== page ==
Unusual presentation of gout: intratendinous tophus in the patellar tendon.
The gold standard for diagnosis of gout is presence of monosodium urate crystals in tophi or aspirated fluid. (1) Accurate classification of gout without crystal documentation is needed where synovial fluid aspiration cannot be performed. These issues led the international collaborative working group -American College of Rheumatology/European League Against Rheumatism- to develop new classification criteria. (6) The entry criterion requires one episode of joint/ bursa swelling, pain, and tenderness. Presence of monosodium urate crystals is sufficient for diagnosis. The domains of this classification include clinical, laboratory, and imaging criteria like pattern of joint/bursa involvement, serum urate levels, radiographic gout related erosions, urate on dual-energy computed tomography (DECT), or double contour sign on ultrasound. Patient refused aspiration biopsy and DECT for the patellar lesion owing to his previous experiences and met the
[FIGURE 1 OMITTED]
American College of Rheumatology/European League Against Rheumatism gout classification criteria scoring 17/23.
Magnetic resonance imaging is highly sensitive in demonstrating extent and distribution of crystal deposits and differentiates tophi from benign and malignant neoplastic processes and infections. (1,7,8)
[FIGURE 2 OMITTED]
Computed tomography is very sensitive in identifying characteristic erosions and demonstrating the density of tophi as 170 Hounsfield units. (7) DECT shows uniquely color coded aggregates of urate crystals and differentiates gout from other arthritides like rheumatoid arthritis, pseudo-gout, and pigmented villonodular synovitis in the acute phase. (2,6,8,9) Monosodium urate crystals may preferentially deposit on hyaline cartilage giving "double contour sign" on ultrasound and this sign is suggested to be seen even before the development of erosive changes. A distinctly different pattern is present in pseudo-gout where crystal deposition is seen within the cartilage rather than the surface. (7,10) Synovitis in gout tends to show concentric hyperechogenity unlike the frond-like synovial hypertrophy noted in rheumatoid arthritis. (7)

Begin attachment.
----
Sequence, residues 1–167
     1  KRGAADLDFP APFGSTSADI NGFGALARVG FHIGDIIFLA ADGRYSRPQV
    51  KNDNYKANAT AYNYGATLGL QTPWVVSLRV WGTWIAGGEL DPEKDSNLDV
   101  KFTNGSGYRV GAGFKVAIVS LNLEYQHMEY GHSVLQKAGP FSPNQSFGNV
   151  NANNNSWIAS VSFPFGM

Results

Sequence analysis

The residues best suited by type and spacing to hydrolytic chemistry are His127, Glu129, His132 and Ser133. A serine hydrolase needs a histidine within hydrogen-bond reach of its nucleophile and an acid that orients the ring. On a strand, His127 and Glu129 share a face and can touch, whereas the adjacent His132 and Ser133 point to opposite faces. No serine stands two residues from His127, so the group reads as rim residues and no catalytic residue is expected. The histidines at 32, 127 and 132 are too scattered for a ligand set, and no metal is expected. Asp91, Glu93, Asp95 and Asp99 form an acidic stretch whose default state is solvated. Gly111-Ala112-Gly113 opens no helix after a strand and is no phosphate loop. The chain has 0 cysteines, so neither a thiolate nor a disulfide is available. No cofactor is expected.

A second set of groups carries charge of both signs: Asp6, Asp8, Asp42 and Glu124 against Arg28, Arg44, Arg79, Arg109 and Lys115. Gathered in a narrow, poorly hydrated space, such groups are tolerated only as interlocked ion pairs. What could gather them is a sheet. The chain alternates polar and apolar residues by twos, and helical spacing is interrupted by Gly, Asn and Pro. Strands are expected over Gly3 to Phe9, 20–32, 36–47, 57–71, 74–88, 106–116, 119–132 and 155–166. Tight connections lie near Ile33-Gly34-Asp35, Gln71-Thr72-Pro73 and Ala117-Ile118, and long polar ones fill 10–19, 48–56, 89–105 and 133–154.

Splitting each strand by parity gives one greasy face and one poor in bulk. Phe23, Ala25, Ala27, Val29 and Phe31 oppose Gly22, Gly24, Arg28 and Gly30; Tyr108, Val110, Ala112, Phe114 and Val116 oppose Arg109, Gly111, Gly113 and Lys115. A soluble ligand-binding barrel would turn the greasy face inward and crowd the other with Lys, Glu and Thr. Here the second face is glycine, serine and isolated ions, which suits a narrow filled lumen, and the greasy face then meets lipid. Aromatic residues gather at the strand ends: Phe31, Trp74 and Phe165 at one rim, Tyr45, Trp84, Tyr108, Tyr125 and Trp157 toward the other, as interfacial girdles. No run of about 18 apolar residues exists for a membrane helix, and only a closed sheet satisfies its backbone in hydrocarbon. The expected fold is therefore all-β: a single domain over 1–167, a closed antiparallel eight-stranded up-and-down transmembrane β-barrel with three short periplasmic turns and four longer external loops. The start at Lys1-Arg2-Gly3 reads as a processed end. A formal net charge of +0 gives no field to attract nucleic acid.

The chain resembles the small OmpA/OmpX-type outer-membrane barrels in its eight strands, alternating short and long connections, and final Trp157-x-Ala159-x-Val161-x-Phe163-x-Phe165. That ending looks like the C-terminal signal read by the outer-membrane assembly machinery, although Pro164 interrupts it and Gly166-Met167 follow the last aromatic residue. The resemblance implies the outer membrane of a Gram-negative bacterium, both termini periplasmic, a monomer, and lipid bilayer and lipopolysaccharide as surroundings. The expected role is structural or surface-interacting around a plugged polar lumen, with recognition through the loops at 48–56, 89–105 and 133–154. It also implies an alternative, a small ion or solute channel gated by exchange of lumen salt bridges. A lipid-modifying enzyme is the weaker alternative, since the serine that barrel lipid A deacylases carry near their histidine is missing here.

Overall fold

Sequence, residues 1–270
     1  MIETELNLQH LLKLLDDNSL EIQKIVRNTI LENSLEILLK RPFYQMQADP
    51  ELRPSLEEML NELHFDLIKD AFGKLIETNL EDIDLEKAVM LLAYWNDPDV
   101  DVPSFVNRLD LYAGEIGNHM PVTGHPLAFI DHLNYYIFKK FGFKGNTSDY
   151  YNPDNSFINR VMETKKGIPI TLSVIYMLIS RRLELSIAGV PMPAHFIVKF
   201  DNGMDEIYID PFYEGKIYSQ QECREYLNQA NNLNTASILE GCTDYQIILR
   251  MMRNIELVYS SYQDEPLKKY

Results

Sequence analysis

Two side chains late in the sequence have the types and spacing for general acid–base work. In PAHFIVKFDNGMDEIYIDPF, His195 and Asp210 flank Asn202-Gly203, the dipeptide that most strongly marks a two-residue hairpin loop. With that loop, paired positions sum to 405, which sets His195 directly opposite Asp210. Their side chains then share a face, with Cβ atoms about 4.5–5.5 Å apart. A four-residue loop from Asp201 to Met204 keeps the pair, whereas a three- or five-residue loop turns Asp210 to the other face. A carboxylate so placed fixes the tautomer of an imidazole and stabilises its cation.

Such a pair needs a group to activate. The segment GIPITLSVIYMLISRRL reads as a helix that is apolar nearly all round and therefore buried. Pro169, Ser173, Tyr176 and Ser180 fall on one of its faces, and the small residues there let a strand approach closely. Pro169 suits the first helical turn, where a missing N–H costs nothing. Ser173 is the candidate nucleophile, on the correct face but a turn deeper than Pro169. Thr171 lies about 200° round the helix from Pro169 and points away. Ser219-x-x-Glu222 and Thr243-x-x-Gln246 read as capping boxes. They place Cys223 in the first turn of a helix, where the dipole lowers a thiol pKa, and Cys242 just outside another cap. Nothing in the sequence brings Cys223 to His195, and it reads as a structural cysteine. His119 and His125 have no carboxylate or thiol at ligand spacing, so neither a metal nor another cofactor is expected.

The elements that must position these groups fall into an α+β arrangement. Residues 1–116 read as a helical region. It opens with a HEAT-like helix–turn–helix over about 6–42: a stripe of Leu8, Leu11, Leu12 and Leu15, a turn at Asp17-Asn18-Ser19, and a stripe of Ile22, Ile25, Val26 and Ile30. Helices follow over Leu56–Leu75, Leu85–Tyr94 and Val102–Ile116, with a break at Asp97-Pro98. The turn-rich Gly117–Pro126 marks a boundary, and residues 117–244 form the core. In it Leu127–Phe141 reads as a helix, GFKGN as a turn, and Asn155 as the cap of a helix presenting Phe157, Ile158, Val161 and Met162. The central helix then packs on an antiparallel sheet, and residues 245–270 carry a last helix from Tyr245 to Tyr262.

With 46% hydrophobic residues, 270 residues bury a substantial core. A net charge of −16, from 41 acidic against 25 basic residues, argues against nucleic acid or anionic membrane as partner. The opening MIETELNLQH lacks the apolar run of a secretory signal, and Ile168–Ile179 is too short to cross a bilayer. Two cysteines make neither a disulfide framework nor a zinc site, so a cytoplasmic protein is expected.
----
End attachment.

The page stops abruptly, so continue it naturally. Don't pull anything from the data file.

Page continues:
Diagnosing gout using imaging modalities varies in terms of demonstrating deposits as well as the extent and distribution of tophi in various stages of gout. The 2015 American College of Rheumatology/European League Against Rheumatism classification criteria represent an advance over previous guidelines, with improved performance characteristics and incorporation of newer imaging modalities, namely ultrasound and DECT. Our case shows the possibility of gout involvement of quite a rare site such as the patellar tendon and underlines the importance of early diagnosis with advanced imaging modalities to facilitate management of disease.
Declaration of conflicting interests
The authors declared no conflicts of interest with respect to the authorship and/or publication of this article.
The authors received no financial support for the research and/or authorship of this article.
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Canan CIMSIT, Onur BUGDAYCI, Mustafa Erkin ARIBAL
Department of Radiology, Marmara University Pendik Training and Research Hospital, Istanbul, Turkey
Received: September 30, 2015 Accepted: October 01, 2015 Published online: November 02, 2015
Correspondence: Canan Cimsit, MD. Marmara Oniversitesi Pendik Egitim ve Arastirma Hastanesi Radyoloji Anabilim Dali, 34890 Ost Kaynarca, Pendik, istanbul, Turkey. Tel: +90 532-570 73 87 e-mail: firstname.lastname@example.org
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|Author:||Cimsit, Canan; Bugdayci, Onur; Aribal, Mustafa Erkin|
|Publication:||Turkish Journal of Rheumatology|
|Article Type:||Letter to the editor|
|Date:||Mar 1, 2016|
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